Agri-food sector adjustments for Brexit need to be made ‘deal or no deal’ – ICOS

A meeting is due to take place between European cooperative representatives – led by an Irish man – and the EU’s chief negotiator on UK relations and Brexit, Michel Barnier, later today, Wednesday, July 15.

The board director of the Irish Co-operative Organisation Society (ICOS) Alo Duffy, who is also the chair of the Brexit task force of the European Farmers and Co-operatives Organisation (COPA-COGECA), will head up a meeting of the organisation with Barnier.

At the meeting, Duffy is expected to explain the provisions that COPA-COGECA want to see included in the final deal.

In addition, he will emphasise the need for contingency plans in the event a deal is not reached and proposals to preserve the all-Ireland agricultural economy.

Commenting ahead of the meeting, Duffy said:

First and foremost, we will be continuing our call for EU structural and adjustment funding to be made available to the EU agri-food sector to help us make the necessary supply chain adjustments, which are to come at the end of this year, deal or no deal.

“In this regard, we welcome the recent proposal by EU Council President Charles Michel for a €5 billion Brexit reserve fund to be set within the EU’s recovery plan to help impacted countries, including Ireland, to deal with the fall-out of the UK’s departure from the EU.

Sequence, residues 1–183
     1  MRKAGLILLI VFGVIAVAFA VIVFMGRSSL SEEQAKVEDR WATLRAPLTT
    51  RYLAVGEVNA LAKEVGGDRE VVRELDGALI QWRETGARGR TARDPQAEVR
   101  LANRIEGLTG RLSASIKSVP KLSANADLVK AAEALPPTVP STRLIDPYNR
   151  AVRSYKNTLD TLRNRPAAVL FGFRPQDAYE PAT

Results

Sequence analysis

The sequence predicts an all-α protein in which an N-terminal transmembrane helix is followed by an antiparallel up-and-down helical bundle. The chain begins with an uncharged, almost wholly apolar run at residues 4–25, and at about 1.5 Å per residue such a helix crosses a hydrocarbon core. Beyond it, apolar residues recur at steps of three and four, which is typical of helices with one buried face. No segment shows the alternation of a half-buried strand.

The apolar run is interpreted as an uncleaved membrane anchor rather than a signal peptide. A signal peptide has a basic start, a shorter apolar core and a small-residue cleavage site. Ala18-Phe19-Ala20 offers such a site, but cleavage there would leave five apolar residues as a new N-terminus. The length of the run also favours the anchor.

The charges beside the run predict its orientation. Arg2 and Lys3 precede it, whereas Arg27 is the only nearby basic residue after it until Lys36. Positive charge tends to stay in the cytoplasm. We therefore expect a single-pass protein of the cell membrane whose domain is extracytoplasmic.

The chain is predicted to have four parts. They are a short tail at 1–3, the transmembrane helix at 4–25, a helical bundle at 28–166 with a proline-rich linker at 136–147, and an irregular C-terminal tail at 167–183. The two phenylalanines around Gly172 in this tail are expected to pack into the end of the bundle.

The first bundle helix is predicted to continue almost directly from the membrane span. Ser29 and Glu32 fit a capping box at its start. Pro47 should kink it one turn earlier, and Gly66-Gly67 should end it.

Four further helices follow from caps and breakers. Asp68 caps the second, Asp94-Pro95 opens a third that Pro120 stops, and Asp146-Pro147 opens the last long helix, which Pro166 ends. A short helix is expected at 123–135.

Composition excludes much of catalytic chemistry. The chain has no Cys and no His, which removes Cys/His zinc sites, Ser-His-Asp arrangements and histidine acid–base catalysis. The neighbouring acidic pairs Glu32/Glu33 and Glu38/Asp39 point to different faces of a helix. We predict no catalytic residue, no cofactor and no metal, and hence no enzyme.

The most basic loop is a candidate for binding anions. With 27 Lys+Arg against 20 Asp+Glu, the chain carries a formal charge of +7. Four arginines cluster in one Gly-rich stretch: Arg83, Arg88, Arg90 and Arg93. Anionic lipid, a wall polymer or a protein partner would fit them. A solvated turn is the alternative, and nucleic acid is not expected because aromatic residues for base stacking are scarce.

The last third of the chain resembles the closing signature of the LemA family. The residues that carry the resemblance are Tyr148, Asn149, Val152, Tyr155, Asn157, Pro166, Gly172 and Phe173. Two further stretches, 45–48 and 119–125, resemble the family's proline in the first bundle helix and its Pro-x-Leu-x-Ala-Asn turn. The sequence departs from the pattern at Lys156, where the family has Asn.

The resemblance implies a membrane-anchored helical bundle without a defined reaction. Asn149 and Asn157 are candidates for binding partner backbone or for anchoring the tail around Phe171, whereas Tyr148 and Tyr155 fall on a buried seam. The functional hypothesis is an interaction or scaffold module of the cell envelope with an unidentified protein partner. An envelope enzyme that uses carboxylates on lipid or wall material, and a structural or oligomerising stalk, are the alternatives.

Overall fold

“This proposal will be debated at this Friday’s EU leaders summit and we will be pushing for a positive outcome here.”

When discussing contingency planning, Duffy said that, with the UK’s decision not to extend the transition period, “planning is needed to mitigate against a potential failure to reach agreement by the end of the year”.

Should the EU and UK fail to reach an agreement on Brexit, Irish exports would be subject to the tariffs outlined in the UK’s new Global Tariff regime.

Duffy explained:

“According to our own calculations, Irish exports of butter and cheeses alone would incur an annual tariff bill of upwards of €287 million.

Other products too, including beef and live cattle, would be subject to substantial tariffs. This would have a devastating impact on the Irish agri-food industry and lead to severe market disruption in the EU.

“We will urge the European Commission to consider alternative, temporary customs arrangements that could be implemented from the start of 2021, should a Free Trade Agreement not be ready to be implemented.

“This would allow Brexit negotiators more time to reach a deal. These temporary arrangements would need to preserve our current tariff and quota free trade, and minimise disruption for operators who already coping with the significant impacts of Covid-19,” he concluded.